Difference Between Management Accounting And Financial Accounting

Difference Between Management Accounting And Financial Accounting.The major differences are:  Legal requirements There is a statutory requirement for public limited companies to produce annual financial accounts regardless of Whether or not management regards this information as useful. Management accounting, by contrast, is entirely optional and information should be produced only if it is considered that the benefits from the use of the information by management exceed the cost of collecting it. Precision Management requires information rapidly, as many decisions cannot be delayed until the information is available. Approximate information which is processed speedily is normally sufficient for management decision-making.

Difference Between Management Accounting And Financial Accounting

With financial accounting information must be reasonably accurate otherwise external parties would have little confidence in the content of the published accounts. Consequently management accounting makes greater use of approximations than financial accounting.

Difference Between Management Accounting And Financial Accounting

  • Segments

Financial account reports describe the whole of the organization whereas management accounting focuses on small parts of the organization, for example individual products and ac-tivities, departments and sales territories.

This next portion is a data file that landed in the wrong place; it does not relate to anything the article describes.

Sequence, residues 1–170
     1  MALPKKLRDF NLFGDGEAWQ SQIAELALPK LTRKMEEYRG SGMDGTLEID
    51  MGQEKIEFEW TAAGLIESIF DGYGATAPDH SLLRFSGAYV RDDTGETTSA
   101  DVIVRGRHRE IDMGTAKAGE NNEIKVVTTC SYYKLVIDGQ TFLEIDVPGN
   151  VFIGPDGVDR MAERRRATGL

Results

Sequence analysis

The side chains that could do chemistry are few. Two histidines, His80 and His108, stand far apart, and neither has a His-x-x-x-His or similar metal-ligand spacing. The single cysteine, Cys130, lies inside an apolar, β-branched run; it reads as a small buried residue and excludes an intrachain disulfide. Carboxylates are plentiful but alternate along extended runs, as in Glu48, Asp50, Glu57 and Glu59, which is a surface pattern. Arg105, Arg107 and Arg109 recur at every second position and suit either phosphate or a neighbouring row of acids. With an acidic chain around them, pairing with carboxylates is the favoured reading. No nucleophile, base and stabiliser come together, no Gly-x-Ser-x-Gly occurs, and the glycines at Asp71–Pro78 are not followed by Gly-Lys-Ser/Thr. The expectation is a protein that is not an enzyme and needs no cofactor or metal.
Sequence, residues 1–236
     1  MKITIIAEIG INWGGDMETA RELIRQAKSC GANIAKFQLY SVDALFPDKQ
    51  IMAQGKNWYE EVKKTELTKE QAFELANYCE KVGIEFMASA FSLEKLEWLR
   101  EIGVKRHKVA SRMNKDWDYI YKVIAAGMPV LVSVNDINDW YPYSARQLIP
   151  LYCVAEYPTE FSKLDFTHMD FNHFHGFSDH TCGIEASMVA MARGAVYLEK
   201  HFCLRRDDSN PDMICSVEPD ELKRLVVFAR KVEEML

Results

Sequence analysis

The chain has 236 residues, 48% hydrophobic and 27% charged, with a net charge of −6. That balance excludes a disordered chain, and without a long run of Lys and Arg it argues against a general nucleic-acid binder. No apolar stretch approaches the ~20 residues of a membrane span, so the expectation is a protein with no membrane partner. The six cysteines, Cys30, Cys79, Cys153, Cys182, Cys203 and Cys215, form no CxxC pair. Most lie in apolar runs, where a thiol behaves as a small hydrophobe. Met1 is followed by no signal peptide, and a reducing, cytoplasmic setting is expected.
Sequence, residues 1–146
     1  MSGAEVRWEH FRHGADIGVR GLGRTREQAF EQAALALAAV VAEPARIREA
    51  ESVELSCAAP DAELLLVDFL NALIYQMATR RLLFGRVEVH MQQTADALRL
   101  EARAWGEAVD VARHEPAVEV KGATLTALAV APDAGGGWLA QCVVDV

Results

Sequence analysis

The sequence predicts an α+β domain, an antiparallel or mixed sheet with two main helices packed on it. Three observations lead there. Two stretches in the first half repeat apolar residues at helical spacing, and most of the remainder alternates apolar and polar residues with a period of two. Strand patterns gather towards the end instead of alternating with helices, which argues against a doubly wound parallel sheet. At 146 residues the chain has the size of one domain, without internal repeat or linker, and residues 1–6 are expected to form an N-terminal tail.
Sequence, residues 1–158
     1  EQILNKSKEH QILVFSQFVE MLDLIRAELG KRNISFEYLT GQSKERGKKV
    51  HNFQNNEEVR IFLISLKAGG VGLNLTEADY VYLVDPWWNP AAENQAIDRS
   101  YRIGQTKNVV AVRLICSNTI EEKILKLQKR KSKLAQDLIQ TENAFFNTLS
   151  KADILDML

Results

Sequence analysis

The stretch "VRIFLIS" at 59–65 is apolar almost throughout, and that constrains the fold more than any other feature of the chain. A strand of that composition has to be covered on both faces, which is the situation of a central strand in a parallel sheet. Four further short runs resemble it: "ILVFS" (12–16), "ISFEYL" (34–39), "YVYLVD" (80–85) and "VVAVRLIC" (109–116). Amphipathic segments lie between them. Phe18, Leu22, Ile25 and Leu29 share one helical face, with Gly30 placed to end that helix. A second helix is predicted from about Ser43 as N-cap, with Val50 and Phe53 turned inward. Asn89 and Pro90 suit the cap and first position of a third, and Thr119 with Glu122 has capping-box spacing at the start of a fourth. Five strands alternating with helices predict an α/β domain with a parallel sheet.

• Accepted accounting principles.

With financial accounting, outside parties require assurance that the published annual financial statements are prepared in accordance with generally accepted accounting principles so that comparisons are possible. Consequently financial accounts must be prepared so as to meet the requirements of the Companies Ads and statements of standard accounting practice. Outside users must normally accept the information as the company provides it. In contrast, the management of an organization can use whatever accounting rules it finds most useful for decision-making, without worrying whether it conforms to standards or legal requirements.

Companies Acts and statements of standard accounting practice. Outside users must normally accept the information as the company provides it. In contrast, the management of an organization can use whatever accounting rules it finds most useful for decision-making, without worrying whether it conforms to standards or legal requirements.

Companies Acts and statements of standard accounting practice. Outside users must normally accept the information as the company provides it. In contrast, the management of an organization can use whatever accounting rules it finds most useful for decision-making, without worrying whether it conforms to standards or legal requirements.

  • Time dimension.

Financial accounting reports what has happened in the past in an organization, whereas management accounting is concerned with future information as well as past information. Decisions are concerned with future events and management therefore requires details of expected future costs and revenues.

  • Report frequency.

A detailed set of financial accounts is published annually and less detailed accounts are published semi-annually. Management requires information quickly if it is to act on it. Consequently management accounting reports on various activities may be prepared at daily, weekly or monthly intervals.

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